About this book
“In this timely and thought-provoking work, Christopher Spearin provides important new insight into the normative, technological and strategic factors that help shape the use of private military and security companies on land, at sea and in the air. The analysis increases our understanding of these commercial actors and the ways in which their past, present and future remains intimately linked to states and the organisation, control, and deployment of military force. This is a significant addition to research in this field and will appeal to students, scholars and policy makers alike.”
– Joakim Berndtsson, Associate Professor, University of Gothenburg, Sweden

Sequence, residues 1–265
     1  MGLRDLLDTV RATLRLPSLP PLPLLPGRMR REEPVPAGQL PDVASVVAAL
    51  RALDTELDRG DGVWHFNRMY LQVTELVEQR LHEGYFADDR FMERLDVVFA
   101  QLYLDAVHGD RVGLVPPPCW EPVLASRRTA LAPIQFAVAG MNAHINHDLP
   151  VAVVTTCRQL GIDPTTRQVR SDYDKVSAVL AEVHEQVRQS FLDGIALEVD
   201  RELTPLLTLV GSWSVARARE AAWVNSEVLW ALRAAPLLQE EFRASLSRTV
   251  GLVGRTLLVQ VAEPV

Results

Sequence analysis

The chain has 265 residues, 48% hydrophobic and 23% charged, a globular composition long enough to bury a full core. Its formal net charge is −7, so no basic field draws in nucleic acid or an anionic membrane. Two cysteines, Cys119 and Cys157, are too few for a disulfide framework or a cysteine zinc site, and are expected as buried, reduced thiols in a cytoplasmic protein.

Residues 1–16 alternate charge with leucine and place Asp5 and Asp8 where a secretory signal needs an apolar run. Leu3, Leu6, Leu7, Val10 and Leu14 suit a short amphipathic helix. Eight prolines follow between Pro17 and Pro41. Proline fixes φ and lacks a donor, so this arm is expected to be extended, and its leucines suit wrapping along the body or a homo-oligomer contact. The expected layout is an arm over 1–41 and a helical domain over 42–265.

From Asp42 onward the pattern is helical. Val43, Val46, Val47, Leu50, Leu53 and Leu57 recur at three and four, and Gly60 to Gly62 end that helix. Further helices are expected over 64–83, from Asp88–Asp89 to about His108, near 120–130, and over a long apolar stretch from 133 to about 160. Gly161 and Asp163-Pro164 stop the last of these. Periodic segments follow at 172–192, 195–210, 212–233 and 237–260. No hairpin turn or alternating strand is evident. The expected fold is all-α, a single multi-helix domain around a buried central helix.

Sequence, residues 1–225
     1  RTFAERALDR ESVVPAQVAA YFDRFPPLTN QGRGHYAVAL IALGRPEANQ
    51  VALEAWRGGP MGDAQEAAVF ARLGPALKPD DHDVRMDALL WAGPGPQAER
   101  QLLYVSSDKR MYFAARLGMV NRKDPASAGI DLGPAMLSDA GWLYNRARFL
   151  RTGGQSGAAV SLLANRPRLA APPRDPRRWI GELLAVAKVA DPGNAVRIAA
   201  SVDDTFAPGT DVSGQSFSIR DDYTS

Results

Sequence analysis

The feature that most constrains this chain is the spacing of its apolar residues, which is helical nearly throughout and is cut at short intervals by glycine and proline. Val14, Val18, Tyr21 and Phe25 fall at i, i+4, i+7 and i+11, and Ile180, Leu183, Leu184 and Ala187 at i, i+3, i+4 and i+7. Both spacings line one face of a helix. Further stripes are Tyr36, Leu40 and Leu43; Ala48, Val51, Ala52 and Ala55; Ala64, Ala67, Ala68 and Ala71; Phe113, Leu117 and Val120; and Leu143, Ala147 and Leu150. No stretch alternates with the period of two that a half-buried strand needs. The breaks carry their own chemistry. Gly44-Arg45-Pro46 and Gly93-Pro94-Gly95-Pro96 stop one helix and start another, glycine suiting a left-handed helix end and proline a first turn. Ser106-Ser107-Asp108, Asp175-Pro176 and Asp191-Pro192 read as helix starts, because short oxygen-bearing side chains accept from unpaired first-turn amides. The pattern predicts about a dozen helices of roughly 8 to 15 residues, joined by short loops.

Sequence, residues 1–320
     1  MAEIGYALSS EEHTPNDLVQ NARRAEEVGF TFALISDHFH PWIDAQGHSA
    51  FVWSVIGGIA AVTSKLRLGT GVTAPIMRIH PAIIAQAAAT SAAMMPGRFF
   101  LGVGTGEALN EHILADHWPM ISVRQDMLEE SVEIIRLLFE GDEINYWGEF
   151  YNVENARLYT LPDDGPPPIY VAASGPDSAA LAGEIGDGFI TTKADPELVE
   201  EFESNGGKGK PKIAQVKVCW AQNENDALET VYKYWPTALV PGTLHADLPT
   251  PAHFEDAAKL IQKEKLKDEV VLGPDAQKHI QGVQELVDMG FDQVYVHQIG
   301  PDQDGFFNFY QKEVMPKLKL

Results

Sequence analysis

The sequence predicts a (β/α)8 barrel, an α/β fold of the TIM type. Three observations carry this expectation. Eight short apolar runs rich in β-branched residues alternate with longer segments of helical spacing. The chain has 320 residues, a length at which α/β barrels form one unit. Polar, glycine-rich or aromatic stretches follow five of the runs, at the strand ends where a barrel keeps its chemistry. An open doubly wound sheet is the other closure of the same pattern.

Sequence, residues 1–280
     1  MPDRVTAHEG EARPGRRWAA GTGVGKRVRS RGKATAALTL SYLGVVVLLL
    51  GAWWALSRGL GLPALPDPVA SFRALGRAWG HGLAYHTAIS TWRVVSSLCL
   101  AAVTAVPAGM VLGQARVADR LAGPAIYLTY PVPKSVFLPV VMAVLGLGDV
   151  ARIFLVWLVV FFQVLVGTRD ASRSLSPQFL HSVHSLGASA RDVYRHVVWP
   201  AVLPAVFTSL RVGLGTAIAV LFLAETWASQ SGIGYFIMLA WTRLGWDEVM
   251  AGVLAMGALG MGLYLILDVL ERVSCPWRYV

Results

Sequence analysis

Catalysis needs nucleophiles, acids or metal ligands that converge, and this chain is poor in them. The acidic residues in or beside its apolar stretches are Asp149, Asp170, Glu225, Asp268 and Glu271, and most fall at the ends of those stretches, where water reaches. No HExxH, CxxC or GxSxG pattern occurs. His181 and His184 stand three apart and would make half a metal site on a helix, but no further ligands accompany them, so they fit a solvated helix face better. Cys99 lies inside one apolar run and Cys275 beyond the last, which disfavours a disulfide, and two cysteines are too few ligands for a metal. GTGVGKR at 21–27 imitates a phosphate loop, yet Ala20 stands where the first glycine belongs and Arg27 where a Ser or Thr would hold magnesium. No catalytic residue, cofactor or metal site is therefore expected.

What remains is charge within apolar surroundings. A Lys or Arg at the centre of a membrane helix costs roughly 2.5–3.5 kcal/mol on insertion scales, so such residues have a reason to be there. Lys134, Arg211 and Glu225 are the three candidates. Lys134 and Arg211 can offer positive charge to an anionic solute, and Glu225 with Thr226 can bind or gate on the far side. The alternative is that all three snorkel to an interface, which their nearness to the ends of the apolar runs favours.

This book identifies and explains the functional and ideational boundaries regarding what states and Private Military and Security Companies (PMSCs) both do and possess regarding land power, sea power, and air power. Whereas the mercenaries, privateers, and chartered companies of years past held similar characteristics to state military forces, the PMSCs of today are dissimilar for two reasons: a conventional forces norm amongst states and a state proclivity towards the offensive. These factors reveal both the limitations of and the possibilities for contemporary security privatization. This volume is ideal for civilian and military practitioners and students wishing to develop a detailed understanding of what the private military and security industry has to offer and why it is structured the way it is.